While the stakes themselves made the event daunting, Sailer's role made it more so. He not only had to lead drills, but also get a clear evaluation of each player, so he could make recommendations to the coaches on hand. In many ways, it was an impossible demand: How could he project which players would have a successful college career based on one day's worth of incomplete data? With his finances and reputation at stake, Sailer made the crucial decision to recommend only players he was certain could succeed in college, and ignore the final scholarship tally altogether. It was a calculated risk. It lowered the immediate potential of the event he poured all of his resources into, but also ensured its survival.

"If a college coach doesn't trust you, you're done. I really made sure these are guys," he says, hammering the last word. "If they weren't guys, we weren't recommending them. So although I probably could have gotten more scholarships up front, I didn't do so."


Even with that self-imposed restraint—an example of the kind of discipline he identifies as the key to his success—Sailer wound up recommending 10 players, who received scholarships on the spot. While it was a fraction of the camp's total attendance, and a much lower figure than in later years, it was also a huge success: In one day, Sailer had more than doubled the number of scholarships given to all the kickers and punters in his entire high school graduating class. When they all made good on his guarantee and enjoyed productive college careers, it bought him even more credibility, and turned the Vegas camp into his signature event. The open enrollment is now capped at 300 participants and has become so popular that it's held twice a year, once in January in the waning weeks before National Signing Day and once in April to showcase his best junior prospects.

Sailer's success was in some ways overdetermined. He was first on the scene, and had the connections, technical skills, and, crucially, the discipline to take advantage of the position. He should have done well. His greatest advantage, though, may have been timing. By coming not just first, but right at the cusp of the Internet recruiting boom, Sailer enjoyed a kind of exposure that was previously impossible, and would be extraordinarily difficult to match in today's saturated marketplace.


His timing was also coincident with broader trends, the most important being the rise of private tutoring. America's increasing stratification on lines of class and income has had a knock-on effect in academia, with elite colleges competing to implement ever more restrictive admissions standards, turning education into a sort of game that only part of the public is even aware of. The way to play is to pay for private, supplemental schooling, whether it's meant to correct for inadequate primary education—NPR makes a strong case that the 2001 passage of the No Child Left Behind Act was the best thing that ever happened to the tutoring industry—or further hone an already acute edge. Whatever the case, we've wound up with an industry that less supports our educational system than feeds off of its failures. Going above and beyond is the new baseline.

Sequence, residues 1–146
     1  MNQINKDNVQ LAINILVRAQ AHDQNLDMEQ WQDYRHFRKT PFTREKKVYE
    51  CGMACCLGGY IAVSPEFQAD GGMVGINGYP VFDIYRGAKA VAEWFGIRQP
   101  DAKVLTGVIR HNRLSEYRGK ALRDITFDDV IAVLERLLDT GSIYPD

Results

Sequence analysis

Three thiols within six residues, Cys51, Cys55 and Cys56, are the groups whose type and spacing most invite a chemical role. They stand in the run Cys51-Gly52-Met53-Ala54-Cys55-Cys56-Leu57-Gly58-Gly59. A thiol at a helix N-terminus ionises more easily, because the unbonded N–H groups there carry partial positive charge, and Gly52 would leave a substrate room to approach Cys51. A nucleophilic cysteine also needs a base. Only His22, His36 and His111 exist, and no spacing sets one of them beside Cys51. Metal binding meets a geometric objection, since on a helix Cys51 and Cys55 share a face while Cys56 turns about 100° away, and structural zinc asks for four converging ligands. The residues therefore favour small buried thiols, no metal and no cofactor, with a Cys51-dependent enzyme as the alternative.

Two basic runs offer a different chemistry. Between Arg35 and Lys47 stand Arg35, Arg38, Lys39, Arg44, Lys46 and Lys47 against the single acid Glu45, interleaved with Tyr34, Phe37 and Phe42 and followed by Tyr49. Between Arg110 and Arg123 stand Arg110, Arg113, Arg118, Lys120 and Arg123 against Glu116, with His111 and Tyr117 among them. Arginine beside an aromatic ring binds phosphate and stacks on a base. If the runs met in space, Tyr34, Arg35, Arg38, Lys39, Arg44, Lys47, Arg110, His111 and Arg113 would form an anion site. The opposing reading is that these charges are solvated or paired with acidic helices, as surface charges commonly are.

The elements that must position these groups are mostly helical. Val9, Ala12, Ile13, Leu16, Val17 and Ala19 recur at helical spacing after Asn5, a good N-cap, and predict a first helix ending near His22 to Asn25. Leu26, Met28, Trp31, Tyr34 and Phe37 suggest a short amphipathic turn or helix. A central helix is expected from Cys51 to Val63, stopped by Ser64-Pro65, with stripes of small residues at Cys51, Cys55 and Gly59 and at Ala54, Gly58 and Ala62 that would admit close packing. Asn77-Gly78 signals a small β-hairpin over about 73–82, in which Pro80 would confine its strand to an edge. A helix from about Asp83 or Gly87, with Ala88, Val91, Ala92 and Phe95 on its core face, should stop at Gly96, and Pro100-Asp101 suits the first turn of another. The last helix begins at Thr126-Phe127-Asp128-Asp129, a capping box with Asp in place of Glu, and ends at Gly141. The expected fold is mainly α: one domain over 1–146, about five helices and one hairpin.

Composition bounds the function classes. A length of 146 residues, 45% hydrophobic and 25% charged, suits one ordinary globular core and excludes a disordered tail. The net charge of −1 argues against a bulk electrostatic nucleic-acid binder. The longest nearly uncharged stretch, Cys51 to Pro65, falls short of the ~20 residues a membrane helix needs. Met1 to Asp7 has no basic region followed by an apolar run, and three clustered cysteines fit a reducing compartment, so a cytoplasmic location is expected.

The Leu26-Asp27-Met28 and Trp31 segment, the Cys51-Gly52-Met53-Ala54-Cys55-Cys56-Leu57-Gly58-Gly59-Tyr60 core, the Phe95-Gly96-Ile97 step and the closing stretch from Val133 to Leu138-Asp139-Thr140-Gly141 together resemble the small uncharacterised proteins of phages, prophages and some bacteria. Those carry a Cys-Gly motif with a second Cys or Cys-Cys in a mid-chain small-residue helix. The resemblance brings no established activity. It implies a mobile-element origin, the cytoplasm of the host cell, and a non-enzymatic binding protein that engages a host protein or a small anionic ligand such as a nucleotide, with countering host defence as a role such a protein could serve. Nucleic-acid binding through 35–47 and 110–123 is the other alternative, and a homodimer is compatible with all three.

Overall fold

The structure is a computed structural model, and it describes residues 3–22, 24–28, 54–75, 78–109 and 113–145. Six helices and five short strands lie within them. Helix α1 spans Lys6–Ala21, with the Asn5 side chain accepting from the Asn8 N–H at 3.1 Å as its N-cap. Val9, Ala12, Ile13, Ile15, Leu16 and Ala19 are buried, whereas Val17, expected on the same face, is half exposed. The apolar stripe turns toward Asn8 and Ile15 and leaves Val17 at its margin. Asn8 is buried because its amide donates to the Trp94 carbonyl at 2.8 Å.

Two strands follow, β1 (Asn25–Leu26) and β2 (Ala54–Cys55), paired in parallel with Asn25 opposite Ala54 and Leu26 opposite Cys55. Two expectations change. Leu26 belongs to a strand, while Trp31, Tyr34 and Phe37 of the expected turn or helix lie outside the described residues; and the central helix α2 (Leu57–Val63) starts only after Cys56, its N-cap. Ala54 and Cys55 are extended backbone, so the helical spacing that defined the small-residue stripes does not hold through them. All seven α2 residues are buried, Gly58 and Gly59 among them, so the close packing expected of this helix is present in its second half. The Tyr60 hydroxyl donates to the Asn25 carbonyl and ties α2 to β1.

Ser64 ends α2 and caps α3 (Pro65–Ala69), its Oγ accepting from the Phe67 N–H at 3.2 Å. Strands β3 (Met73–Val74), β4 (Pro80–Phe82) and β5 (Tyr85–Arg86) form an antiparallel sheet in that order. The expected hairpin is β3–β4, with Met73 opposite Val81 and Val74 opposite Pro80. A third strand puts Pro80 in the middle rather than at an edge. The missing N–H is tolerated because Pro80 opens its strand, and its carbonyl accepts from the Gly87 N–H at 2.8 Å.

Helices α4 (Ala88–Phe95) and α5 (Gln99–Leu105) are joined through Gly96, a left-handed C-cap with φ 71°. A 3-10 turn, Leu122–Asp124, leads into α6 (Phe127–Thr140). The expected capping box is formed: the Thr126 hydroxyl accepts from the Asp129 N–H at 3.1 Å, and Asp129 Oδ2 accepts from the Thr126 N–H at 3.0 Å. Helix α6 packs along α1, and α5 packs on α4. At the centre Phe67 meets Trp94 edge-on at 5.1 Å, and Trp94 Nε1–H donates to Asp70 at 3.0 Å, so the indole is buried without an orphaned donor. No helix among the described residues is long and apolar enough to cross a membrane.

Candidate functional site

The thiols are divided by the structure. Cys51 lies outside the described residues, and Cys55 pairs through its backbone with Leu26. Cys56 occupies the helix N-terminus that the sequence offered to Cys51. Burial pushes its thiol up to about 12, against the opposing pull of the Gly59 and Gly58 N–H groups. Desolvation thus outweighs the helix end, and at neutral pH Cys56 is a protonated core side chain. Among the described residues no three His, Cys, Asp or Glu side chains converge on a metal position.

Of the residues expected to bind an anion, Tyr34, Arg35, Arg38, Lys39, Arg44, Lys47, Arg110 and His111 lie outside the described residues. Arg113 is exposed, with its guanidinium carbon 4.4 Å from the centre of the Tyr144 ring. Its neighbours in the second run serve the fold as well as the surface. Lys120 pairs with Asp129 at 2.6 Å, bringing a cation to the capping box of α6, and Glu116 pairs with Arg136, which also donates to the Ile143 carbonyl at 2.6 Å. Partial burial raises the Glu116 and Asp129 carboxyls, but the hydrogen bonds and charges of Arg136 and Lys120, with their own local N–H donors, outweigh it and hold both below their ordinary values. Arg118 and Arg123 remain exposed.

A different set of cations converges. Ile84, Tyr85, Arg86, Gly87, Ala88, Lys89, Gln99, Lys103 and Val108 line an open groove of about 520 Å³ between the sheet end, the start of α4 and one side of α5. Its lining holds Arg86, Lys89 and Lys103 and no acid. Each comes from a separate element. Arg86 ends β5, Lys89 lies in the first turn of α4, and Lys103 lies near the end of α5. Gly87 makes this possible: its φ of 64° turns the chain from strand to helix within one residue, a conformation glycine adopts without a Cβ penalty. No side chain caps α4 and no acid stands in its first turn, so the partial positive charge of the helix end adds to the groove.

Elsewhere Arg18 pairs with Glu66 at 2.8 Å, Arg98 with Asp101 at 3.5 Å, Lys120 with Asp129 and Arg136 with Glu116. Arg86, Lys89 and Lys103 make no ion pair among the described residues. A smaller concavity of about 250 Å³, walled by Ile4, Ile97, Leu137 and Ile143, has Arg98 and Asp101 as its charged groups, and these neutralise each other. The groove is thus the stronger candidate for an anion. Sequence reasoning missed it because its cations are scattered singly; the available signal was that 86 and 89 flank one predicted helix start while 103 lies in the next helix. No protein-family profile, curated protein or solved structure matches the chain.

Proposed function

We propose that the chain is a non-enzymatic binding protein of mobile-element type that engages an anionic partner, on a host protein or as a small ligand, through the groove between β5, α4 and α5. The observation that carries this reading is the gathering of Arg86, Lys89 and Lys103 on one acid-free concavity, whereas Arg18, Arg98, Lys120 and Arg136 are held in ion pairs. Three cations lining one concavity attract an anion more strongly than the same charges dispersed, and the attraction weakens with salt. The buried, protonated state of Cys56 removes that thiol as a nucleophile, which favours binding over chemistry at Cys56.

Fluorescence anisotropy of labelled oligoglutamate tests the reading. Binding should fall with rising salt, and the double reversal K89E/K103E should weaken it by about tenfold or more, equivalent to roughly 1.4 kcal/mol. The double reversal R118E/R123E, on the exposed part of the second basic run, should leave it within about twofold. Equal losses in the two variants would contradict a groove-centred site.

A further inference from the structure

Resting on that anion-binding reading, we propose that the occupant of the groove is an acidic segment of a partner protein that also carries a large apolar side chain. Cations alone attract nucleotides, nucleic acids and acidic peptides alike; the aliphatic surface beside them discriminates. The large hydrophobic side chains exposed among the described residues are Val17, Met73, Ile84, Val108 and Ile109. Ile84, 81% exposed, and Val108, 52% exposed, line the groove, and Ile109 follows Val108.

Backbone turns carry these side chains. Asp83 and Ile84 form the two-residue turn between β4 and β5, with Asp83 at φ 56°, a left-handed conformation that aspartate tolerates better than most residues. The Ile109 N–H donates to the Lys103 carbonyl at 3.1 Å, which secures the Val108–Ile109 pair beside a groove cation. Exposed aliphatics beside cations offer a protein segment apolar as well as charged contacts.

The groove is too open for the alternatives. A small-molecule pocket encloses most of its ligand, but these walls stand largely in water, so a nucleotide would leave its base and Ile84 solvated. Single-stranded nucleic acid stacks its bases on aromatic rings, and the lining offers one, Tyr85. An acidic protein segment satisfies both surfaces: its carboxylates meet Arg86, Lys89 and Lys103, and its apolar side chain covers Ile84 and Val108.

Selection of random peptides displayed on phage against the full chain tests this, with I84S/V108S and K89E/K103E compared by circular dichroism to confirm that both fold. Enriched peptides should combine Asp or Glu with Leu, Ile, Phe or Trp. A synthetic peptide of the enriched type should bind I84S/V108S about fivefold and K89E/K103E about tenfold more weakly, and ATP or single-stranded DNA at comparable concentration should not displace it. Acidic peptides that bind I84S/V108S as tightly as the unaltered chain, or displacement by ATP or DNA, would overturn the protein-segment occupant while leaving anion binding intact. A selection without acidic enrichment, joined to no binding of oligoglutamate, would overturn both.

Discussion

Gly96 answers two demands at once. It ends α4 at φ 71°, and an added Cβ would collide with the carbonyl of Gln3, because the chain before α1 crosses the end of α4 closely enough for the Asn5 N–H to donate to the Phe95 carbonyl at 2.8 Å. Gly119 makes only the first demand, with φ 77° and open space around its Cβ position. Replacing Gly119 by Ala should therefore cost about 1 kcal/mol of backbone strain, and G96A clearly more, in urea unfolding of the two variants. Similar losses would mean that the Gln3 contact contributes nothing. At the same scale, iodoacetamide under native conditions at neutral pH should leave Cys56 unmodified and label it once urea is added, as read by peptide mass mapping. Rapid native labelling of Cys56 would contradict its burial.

These developments fit Sailer fine. The buzz from that first Las Vegas camp established the basic model for the business he runs today. Coaches loved the idea of a one-stop shop where they could drop in, get a kicker, and be done worrying about it. Kickers and punters reported home from the camp, thrilled, and soon enough high school coaches from around the country were asking him to hold camps at their schools, giving him access to key talent-producing regions.

All Sailer needed for a camp was the right city, a turf field and classroom space for film study. It eventually set in its current format of three camps per year in five distinct locations: Los Angeles, Dallas, Chicago, Atlanta, and Charlotte.

That same year, Arizona State became the first team to tap him to run a summer special teams camp, an indicator that college programs had begun to respect his drawing power in addition to his scouting eye. Sailer suddenly had more lucrative camp opportunities than he had time in the AFL offseason and so he gave up kicking in order to run his business full time, traversing the United States to train and evaluate special teams players.


It wasn't long before he gathered enough information to construct his inaugural set of recruiting rankings for kickers and punters. He was, as always, judicious. While the recruiting sites tend to assign a number of some sort to any player they evaluate, Sailer ranks only players he thinks have college potential, with five stars denoting a Division I prospect, four stars a Division II one, and three stars a Division III-caliber player. The rankings fixed him both as the lord of the growing niche market and the fulcrum supporting it.

"Coaches would say, 'Do you put your stamp of approval on him? We want you to basically put your job on the line to prove this guy,'" Sailer says. "And I said, Yeah, I'm willing to.' That's what basically got me to where I am."

"I know if Chris tells me something about a player, it's going to be true," says USC special teams coach John Baxter.


The biggest move of all, though, came when he enticed Chris Rubio to start up a snapping program, something that was inconceivable when Sailer flew out Rubio, then teaching sixth-grade history in Covina, Calif., to the inaugural Vegas camp to help him train a group of snappers on hand to simulate live conditions for the kickers and punters who were actually getting evaluated. It was an afterthought, because snappers simply didn't get scholarships—until one of Rubio's students, a Santa Ana product named Will Collins, performed well enough to accomplish exactly that, earning a full ride from USC.